P-38 ????


March 6, 2004, 11:17 PM
I've always liked the looks of the Walther P-38 and wanted to own one, but really had no desire to get into the whole Nazi-memorabilia thing. Well, lo and behold - today, I came across a post-war aluminum frame P38 in a local shopm arked at $360. Looked in good shape - clean bore, rifling looked good, not many wear marks.

So, who here has any experience with the P38? Is it a reasonable and reliable shooter?

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March 6, 2004, 11:23 PM
Good price, good shooter! This gun will go up in price! I still have a nice AC41 & a Walther factory commenrative stashed. I shot the snot out of one like yours 30 years ago, nothing bad to say!:D

March 6, 2004, 11:31 PM
Does the aluminum frame hold up OK? Also, I've heard that the safety is a bit frangible - true?

March 6, 2004, 11:33 PM
It is a Walther P1, the post war version, with aluminum frame.

It is a spectacular 9mm and one of the best deals going. It will not be as collectible as a real wartime P38 but if you are after a little piece of history that you don't feel bad about shooting it is great.

The P1/P38 should give you a great 9mm with a lot of history and make for a fine modern firearm for shooting fun and defense as well. The double action trigger pull is stout but reliabilty should be flawless.

I say go for it. P38s and P1s do have some durability quirks that you might want to research but all in all they are very well made very durable firearms.

As for the safety I would recommend when you use the safety/decocker to also hold the hammer and let it fall gently. This will prevent any breakage. This goes for early Walther PP, PPKs etc.

As for the frame, clean it, and take care of it and your great grandchildren will be shooting it.......................assuming that the two real enemies of firearms to destroy the gun...........rust and politicians.


March 7, 2004, 12:30 AM
I have a Walther P-1 and it is one of my favorite plinkers.There are two frame types for the P-1.The later types have a hexigonal steel insert that passes through the frame just forward of the trigger guard.Mine is the early type without the insert and I have many thousands of 9mm through it and it still shows no wear.I replaced the worn out factory recoil springs with heavier (8lb) Wolf springs when I got it .I would not use any P+ ammo through it.


March 7, 2004, 12:43 AM
Price seems a little high to me. In the latest Shotgun News www.centerfiresystems.com has them listed for $269.97. Of course you have to add in shipping and transfer fee, but my dealer only charges $15.

March 7, 2004, 06:18 PM
If only those P-1s were C&R ;)

March 7, 2004, 08:53 PM
CDNN has 'em for $249 in good to very good condition, $279 for select, FWIW .

Jim K
March 7, 2004, 09:34 PM
That hex frame insert fits into the frame at the point the locking block is forced upward to lock. That was a weak point in the alloy frame, as the edge wore down pretty quickly. I don't care for the looks, but the mod is good.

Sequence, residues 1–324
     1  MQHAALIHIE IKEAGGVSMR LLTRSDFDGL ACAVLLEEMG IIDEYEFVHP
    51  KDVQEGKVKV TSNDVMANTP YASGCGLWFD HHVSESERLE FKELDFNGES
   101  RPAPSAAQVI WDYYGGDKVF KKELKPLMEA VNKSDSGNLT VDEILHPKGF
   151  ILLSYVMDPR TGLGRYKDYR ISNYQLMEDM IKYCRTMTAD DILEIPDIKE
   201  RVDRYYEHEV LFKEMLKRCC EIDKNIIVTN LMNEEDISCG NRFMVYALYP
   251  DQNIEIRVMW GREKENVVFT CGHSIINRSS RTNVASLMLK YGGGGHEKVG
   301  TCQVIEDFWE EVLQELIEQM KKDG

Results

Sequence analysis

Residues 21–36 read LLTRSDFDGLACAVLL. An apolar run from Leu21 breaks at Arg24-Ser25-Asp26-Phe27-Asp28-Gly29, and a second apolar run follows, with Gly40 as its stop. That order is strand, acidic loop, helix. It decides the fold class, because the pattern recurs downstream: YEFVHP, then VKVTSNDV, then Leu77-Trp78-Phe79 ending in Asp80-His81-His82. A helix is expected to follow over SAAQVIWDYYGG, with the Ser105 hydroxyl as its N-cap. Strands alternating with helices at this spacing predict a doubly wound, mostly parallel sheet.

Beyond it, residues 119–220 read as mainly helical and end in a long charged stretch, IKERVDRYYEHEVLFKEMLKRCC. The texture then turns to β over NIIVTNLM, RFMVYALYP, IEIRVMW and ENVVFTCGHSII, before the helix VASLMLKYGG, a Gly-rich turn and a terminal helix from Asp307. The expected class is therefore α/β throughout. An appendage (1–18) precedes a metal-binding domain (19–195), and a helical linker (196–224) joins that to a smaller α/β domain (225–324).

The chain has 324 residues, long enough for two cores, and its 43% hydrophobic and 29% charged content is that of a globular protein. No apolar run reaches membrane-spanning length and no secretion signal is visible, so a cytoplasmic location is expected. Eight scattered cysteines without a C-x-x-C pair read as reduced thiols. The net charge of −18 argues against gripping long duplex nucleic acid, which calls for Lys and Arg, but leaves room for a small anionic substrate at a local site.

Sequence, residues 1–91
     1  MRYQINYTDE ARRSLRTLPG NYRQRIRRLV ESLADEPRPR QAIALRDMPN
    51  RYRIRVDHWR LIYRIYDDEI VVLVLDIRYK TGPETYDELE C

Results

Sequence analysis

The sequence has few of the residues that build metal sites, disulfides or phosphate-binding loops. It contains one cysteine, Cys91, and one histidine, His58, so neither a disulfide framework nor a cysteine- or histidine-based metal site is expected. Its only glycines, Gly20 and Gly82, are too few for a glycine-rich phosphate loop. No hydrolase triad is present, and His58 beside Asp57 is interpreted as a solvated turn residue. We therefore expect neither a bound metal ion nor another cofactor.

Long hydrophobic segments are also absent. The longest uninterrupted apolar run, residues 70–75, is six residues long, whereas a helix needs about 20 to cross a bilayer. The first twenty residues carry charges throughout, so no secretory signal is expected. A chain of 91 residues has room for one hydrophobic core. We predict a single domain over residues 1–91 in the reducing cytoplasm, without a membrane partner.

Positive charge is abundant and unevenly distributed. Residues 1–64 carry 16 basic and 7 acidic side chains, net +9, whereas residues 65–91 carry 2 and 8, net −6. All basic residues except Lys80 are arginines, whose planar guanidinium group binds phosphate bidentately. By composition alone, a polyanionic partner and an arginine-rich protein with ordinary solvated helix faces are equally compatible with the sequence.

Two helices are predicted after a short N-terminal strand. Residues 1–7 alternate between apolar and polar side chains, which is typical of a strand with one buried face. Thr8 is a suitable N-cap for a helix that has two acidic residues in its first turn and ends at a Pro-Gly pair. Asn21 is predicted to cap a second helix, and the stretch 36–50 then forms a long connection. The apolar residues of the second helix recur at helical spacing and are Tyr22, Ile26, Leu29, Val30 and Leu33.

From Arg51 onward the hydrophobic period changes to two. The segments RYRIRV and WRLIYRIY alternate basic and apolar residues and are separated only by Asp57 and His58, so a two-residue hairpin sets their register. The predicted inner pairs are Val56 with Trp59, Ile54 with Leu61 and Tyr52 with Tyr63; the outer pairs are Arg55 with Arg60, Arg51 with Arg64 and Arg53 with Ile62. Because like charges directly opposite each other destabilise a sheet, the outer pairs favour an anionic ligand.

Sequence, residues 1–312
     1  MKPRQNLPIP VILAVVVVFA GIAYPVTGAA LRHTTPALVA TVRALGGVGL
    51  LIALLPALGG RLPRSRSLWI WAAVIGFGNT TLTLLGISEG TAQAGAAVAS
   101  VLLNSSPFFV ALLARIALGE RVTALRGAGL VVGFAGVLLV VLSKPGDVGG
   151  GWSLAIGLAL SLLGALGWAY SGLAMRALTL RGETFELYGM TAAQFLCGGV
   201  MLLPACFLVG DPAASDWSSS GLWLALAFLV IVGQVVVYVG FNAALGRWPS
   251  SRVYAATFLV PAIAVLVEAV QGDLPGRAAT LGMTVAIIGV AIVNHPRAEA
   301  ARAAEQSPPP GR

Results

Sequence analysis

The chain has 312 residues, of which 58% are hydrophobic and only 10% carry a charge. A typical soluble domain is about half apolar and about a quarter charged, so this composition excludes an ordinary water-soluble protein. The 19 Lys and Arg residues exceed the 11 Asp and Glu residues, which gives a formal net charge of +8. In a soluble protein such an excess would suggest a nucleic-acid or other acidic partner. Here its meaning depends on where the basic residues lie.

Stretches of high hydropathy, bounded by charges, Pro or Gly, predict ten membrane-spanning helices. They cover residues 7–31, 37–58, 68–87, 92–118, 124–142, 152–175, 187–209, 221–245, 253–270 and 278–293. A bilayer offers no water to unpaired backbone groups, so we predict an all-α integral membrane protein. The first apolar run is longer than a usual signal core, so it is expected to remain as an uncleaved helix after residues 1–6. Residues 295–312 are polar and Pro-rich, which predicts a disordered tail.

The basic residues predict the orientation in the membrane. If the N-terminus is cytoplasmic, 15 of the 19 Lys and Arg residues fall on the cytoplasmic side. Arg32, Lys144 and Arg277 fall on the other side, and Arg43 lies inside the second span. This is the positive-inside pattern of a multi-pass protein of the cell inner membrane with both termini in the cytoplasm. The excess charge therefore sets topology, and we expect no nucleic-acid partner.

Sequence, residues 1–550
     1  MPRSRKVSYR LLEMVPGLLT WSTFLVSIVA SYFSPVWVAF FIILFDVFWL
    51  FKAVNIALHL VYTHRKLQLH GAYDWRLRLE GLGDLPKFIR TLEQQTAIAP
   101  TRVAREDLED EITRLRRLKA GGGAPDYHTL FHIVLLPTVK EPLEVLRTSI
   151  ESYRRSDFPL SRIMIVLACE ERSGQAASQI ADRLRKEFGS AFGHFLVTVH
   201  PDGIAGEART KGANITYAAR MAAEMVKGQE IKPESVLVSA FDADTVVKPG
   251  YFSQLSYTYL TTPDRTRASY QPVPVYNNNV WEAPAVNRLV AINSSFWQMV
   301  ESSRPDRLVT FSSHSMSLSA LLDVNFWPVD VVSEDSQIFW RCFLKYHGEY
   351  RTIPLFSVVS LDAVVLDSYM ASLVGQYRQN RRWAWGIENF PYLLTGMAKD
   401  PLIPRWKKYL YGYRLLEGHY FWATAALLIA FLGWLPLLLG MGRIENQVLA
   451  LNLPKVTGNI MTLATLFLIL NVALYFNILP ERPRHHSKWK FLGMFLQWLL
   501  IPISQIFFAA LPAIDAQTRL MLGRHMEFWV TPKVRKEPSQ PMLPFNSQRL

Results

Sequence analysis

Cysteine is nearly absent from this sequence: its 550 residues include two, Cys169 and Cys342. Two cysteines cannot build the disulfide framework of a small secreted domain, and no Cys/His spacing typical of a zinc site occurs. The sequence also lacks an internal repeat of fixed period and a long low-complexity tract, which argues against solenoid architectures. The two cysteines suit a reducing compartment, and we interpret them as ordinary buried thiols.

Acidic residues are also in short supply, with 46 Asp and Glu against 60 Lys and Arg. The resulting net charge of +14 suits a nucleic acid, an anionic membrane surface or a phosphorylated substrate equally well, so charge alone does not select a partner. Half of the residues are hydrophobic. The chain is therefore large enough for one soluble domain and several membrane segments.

March 7, 2004, 09:44 PM
I had one for a while, sold it to a friend then he sold it to another ,we still all go shooting together, I sent it on cause I've got a WWII P38 and wanted another gun, he sold it cause he wanted a Ruger Blackhawk I had in .45 acp, ect. It's what you expect from Walther, worked very well with the Walmart white box 124g 9mm, it was a little boxy for me but shot well, accuracy was not as good as BHPs or Lugers, just make sure the top plate/cover is secure, is unsettling for it to pop off and lose all those little parts in there. Disassembly takes a little to get used to, definitely not a Browning design. I'd say go for it.


Lobotomy Boy
March 7, 2004, 09:51 PM
The P38 can seem a little odd if you are used to shooting modern autoloaders, especially the sights, but once you get used to it, the P38 can be a lot of fun.

March 7, 2004, 10:16 PM
Very interesting! What is the difference(s) in a P-1 and a P-38. When were P-1s produced? Are both actual German made guns, or is one of lss quality than the other?

March 7, 2004, 10:24 PM
The POST-WAR aluminum frame P-38 and the P-1 are the exact same gun.
The only difference is the stamping on the slide.

The P-38 stamped guns were intended for German police, and commercial and non-German military sales.

The P-1 marked guns were for the West German military.

This is sort of like the Beretta Model 92 and the US Military M9.

Both the P-38 and the P-1 were first produced Post-war in France by Manurhin, and are so marked.
By the late 50's Walther had built a new plant in Germany, and moved production back there.

The current crop of P-1's are all German-made.

In either case, Manurhin or German produced, the quality is uniformly VERY excellent.

March 7, 2004, 10:54 PM
That hex frame insert fits into the frame at the point the locking block is forced upward to lock. When I go back to look at this pistol again, how can I view this/tell if the P1 has the insert or not?

March 7, 2004, 11:29 PM
If you haven't tried, you might consider posting over at www.P38forum.com. Those guys live and breath P-38's. The insert is a steel pin just behind the disassembly/takedown lever.